(8) With budget of $20 million, the movie grossed $6 million its opening weekend and $32 million its first month. By the time the dust settled, it grossed more than $60 million, more than paying for itself. Sadly, distributors Disney and Paramount hoped for a HUGE box-office draw and considered the film a flop. Panned by many critics as a mess of a story, the reviews of DuVall and Williams were favorable with At the Movies critics Gene Siskel and Roger Ebert each giving the film 3.5 out of 4 stars.
(9) This would be DuVall’s last film to work with Altman, but while working on Popeye with Altman, (Monty) Python Terry Gilliam, offered her a role in the upcoming, Time Bandits. When she hesitated, Gilliam sweetened the deal. Knowing DuVall was a big fan of Sean Connery, he told her the original 007 would also be in the film. She immediately accepted, but never met Connery on set as they had no scenes together. In later interviews, she laughed at Gilliam’s devilish sense of humor.
(10) A few years before offering DuVall the role of Olive Oyl, Altman asked her to be in his movie, The Wedding. She turned it down, but the role went to another actress, Pam Dawber.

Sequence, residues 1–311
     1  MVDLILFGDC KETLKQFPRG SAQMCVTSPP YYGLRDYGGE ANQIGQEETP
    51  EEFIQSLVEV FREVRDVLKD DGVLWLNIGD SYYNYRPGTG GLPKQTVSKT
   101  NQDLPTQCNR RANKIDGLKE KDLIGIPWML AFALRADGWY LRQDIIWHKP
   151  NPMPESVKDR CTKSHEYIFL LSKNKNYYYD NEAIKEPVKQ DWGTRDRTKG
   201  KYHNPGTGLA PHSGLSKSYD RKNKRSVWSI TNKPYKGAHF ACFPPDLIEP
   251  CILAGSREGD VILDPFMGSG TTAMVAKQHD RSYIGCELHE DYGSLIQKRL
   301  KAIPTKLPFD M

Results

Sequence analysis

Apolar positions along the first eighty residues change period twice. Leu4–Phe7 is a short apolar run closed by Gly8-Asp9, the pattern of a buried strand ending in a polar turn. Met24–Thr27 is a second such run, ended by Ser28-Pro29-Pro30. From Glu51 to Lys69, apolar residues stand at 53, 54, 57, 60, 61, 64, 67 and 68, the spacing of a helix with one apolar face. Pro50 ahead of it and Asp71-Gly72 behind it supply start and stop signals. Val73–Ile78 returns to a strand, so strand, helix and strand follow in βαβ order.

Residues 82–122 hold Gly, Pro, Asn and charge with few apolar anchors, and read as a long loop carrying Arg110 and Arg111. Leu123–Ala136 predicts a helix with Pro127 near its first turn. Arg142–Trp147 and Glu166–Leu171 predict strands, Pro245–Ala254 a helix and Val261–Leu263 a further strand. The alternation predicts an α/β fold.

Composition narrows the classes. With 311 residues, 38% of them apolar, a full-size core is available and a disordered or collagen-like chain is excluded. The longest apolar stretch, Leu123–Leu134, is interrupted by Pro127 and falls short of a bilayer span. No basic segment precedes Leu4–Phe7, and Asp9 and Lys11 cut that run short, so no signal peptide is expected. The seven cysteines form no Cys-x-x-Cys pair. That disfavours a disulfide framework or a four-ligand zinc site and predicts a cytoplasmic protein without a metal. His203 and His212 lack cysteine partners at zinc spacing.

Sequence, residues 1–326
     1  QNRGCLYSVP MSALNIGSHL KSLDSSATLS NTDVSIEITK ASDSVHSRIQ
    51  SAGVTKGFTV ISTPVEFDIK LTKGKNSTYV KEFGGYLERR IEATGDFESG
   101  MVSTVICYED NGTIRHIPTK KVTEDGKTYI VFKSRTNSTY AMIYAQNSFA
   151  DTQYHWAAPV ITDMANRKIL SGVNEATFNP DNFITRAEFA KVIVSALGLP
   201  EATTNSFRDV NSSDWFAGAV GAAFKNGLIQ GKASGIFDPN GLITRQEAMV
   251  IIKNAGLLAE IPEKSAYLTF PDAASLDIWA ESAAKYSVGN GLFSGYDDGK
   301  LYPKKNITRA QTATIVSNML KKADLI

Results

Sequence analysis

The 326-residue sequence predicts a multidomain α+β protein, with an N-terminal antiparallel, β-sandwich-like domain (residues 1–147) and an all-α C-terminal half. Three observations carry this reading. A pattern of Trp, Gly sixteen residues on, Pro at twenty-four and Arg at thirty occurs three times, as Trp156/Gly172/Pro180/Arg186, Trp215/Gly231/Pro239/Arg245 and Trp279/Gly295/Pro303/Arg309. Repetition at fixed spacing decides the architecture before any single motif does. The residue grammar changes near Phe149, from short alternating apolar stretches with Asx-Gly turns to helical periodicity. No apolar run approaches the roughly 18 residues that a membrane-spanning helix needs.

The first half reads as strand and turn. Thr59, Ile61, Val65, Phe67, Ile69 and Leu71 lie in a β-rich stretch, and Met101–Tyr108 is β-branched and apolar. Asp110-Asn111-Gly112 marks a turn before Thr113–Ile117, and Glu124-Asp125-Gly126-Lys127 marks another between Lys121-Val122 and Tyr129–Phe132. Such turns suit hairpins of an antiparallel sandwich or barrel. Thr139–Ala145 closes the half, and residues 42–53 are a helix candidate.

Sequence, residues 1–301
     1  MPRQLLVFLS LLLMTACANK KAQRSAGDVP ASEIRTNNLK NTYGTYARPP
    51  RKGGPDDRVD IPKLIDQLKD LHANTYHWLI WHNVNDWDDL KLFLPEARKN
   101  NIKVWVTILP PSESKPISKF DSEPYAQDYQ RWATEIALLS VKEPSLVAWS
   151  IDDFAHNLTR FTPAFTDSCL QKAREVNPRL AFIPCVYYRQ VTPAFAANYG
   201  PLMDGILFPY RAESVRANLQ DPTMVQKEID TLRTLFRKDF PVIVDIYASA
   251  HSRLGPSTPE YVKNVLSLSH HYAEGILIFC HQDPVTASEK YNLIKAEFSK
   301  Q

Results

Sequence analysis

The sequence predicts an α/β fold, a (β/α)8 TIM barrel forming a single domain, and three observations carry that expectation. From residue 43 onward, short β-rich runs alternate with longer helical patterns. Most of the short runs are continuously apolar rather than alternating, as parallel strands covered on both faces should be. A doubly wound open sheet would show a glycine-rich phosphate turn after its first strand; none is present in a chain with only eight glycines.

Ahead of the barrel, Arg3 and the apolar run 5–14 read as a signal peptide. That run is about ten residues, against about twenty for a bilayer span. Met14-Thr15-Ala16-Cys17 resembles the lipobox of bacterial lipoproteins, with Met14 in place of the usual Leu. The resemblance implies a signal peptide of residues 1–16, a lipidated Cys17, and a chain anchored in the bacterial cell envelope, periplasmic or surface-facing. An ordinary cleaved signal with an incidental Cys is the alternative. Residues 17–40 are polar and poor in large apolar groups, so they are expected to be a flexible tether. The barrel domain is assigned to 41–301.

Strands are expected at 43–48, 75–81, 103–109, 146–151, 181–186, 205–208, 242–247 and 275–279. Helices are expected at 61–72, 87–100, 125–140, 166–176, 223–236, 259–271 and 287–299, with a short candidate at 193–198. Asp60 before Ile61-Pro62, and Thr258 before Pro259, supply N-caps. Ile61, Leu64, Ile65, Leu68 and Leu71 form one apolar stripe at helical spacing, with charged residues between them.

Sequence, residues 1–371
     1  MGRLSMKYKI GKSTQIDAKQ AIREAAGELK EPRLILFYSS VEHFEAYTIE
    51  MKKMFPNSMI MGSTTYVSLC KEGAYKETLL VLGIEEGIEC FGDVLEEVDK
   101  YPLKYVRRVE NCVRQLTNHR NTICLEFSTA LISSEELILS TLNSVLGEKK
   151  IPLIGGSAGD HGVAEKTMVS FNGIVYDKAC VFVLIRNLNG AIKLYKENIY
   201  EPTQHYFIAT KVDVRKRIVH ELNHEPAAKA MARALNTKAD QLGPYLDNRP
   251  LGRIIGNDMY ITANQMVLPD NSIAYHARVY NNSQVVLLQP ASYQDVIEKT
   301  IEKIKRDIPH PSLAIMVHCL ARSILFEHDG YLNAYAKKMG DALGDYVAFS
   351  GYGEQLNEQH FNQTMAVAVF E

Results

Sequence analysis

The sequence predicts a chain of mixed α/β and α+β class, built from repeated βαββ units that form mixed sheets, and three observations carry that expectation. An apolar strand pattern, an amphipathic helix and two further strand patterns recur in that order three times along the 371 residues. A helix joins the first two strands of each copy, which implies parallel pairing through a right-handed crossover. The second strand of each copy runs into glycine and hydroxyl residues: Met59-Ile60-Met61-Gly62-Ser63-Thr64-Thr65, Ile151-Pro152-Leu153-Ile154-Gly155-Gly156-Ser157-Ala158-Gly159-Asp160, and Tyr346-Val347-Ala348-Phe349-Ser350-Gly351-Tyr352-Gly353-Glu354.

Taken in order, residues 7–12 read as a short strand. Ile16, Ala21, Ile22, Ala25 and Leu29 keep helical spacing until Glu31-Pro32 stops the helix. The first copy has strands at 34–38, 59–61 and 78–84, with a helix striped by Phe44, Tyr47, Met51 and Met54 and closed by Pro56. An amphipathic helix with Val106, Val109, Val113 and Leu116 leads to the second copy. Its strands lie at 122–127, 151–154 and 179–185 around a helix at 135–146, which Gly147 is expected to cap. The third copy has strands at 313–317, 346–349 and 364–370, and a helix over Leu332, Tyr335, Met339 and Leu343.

Long before he we heard him as Aladdin’s Genie, The Fisher King, or before he won an Oscar for Good Will Hunting, Williams made people laugh on stages across the country during his stand up and every Thursday on the comedy, Mork and MindySoon after, Pam ended up on my TV every Thursday night, playing opposite of Robin Williams as Mindy McConnell in Mork and Mindy.
Another tidbit about Pam Dawber, for over thirty years, she’s been married to NCIS’ Leroy Jethro Gibbs, Mark Harmon.
Like any movie we watch as kids, we don’t process all the tiny clues and stories a the time.
Reviewing the film some many decades later, I realize how much I missed the first time around.
Don’t get me wrong, this film is still a disjointed mess.
The structure of the town makes no sense.
The townspeople are what happens when the gene pool is too shallow.
Bluto needs serious anger management therapy and jail time for destruction of property and multiple cases of assault, but the characters stayed within the realms of the comic strip created in 1929.
Even with all that, the sweet moments and the tender story of Popeye, Olive Oyl, and Sweetpea make the movie worth a watch. Two adults who each wanted to find their person and a baby who gets his forever family.
Like I said, I’m always a sucker for an adoption story.